In the early and mid-twenties we had a good football team in Glenamaddy. Jack Garvey (the duke) was the man who always kept it going. He’d buy a ball and we’d pay 6 pence each to make up the price of it. There were shop boys in Collins’ and Connelly’s who were good footballers. There was a Peter Kennedy in Collins’ and he was very good. We used to play matches against Clonberne Kilkerrrin and Williamstown – the same as today. Kilkerrin had a great team with the Higgins brothers.
We used to hire Paddy Glynn and Bernie MacDermott to drive us to the matches and we always had a few shillings in the funds to pay them. We could always manage to collect a few bob on the gate on the day of a match. We used to play over in the turlough and sometimes we would play in a field of Jimmy Connelly’s. Jimmy would often clear us but we would go back in when his back was turned. Pat Fahy used to give us the field where the Parish Priest’s house is now and Davy Geraghty was very good, he used to give us his field for matches.
The Black and Tans burned the town hall in Glan, Ballinastack Hall and Mees house in Knickanes on the same night. I remember the night well and I knew Jerry Mee*. He used to pass up and down by our house and he was a fine man (see footnote). There was a company of old I.R.A. in Glenamaddy and there were about 27 members in it. I’d need time to think of them all but off hand I can think of Pat and John Jeffers- two great men – and Pat Featherstone and Michael Fahy, Englishtown and John and Frank Mahon, Englishtown, Michael Geraghty and John Raftery. Clooncun, Tom Concannon – he’d be a relation of Paddy’s – and Malachy Keavney, an uncle of Malachy Egan’s, Bob Murphy of Stonetown, Ned Higgins of Cloonlara, Bill Timothy William Mee and Pat Timothy, Cloolara, Tom Kenny, Ardeevin and Martin Gilligan of Esker. Paddy Keefe of Shannagh, Peter Moore and my brother Tom and myself. We used to go out at night and come back in the morning.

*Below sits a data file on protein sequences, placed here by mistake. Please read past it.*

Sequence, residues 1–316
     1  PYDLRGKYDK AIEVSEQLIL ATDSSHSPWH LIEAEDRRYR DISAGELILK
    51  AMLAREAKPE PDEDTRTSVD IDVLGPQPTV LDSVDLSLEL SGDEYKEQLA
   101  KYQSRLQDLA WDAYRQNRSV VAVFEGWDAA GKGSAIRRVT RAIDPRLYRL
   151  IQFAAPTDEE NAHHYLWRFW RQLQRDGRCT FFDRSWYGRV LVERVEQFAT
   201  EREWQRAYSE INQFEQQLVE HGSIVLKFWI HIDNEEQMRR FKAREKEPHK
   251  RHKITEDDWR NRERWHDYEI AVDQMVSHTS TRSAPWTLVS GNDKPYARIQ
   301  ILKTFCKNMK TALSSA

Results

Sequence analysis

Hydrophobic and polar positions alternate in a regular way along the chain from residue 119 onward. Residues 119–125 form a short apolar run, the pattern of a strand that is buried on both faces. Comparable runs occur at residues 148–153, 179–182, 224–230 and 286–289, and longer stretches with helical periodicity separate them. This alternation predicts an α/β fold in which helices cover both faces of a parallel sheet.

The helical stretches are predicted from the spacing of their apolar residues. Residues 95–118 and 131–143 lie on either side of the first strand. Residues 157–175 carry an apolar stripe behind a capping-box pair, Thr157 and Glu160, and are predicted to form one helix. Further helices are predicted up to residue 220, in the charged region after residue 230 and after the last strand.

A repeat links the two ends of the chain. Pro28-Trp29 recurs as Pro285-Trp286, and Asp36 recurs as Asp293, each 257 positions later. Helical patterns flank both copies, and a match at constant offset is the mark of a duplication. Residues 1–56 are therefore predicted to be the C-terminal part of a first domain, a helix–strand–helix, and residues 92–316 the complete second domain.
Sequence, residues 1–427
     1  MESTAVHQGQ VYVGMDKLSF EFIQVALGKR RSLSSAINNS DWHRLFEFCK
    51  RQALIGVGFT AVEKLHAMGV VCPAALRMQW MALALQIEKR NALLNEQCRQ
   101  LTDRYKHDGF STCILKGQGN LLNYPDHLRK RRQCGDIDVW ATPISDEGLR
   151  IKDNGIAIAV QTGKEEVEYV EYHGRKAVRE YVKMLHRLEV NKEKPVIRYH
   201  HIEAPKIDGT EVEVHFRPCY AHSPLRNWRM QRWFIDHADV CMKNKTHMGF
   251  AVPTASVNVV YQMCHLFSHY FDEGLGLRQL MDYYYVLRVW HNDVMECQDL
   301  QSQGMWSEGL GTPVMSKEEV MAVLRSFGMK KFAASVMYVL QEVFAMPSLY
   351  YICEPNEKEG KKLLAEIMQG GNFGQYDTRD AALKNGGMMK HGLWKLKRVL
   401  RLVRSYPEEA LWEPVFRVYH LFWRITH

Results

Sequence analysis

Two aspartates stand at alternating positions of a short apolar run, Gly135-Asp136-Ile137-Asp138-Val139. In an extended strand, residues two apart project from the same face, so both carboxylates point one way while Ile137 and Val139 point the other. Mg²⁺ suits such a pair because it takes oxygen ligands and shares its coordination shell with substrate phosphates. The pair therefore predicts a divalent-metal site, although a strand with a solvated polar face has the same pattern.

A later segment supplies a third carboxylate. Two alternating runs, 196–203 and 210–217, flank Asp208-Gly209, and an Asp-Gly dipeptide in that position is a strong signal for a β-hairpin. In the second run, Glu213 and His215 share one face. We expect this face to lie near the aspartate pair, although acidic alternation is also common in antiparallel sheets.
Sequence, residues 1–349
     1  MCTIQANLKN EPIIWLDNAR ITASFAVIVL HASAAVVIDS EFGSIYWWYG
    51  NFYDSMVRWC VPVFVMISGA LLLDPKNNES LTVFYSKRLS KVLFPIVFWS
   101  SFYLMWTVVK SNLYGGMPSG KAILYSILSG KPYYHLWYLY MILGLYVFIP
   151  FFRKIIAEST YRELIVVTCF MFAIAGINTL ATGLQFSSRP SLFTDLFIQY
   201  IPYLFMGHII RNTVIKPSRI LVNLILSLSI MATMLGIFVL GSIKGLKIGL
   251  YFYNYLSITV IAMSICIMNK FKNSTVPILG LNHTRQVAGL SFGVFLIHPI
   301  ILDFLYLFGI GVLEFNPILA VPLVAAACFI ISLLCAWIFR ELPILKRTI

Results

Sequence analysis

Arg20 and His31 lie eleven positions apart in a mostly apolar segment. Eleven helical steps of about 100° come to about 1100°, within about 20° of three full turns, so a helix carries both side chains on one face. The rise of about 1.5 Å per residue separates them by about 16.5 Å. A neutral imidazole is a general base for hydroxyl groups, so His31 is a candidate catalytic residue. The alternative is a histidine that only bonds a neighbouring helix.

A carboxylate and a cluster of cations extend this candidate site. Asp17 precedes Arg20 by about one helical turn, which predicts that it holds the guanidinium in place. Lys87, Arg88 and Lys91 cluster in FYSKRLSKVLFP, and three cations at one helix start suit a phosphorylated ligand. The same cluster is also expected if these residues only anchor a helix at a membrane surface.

The Tans would come around about once a fortnight. I remember once we were up at a football match and they rounded up a crowd of us in the square. Some of the Gannons from Cashel were in it and I was a young fellow and I slipped away without been noticed. The Tans started leathering them with sticks.
Early in 1921 it was discovered that the British Army were considering taking over the workhouse so it was burned down to prevent them. The I.R.A. took over a big house at Wellfort. It was a gentleman’s place and it was the first house I saw with a toilet in it. They used to train men to handle guns and other training and each company would send three, or four members. I was one of those sent from Glenamaddy and I remember getting to know a member from south Roscommon brigade named Kehir from Donamon. He was a very fine man and a bit above the ordinary. He was the sort of man you’d put in charge of men. He later joined the Guards. I believe his son is Eddie Kehir, the great Kilkenny Hurler.
The Town Hall was built up again and it was said that he British Government paid some compensation when Father Heaney threatened to sue them. I’m not sure if that is true.
*Jerry Mee was a member of the RIC and was involved in the mutiny in the Barracks in Listowel.
Author: Michael John Keaveney, Clooncon, Glan to Glan 1978, Christmas edition.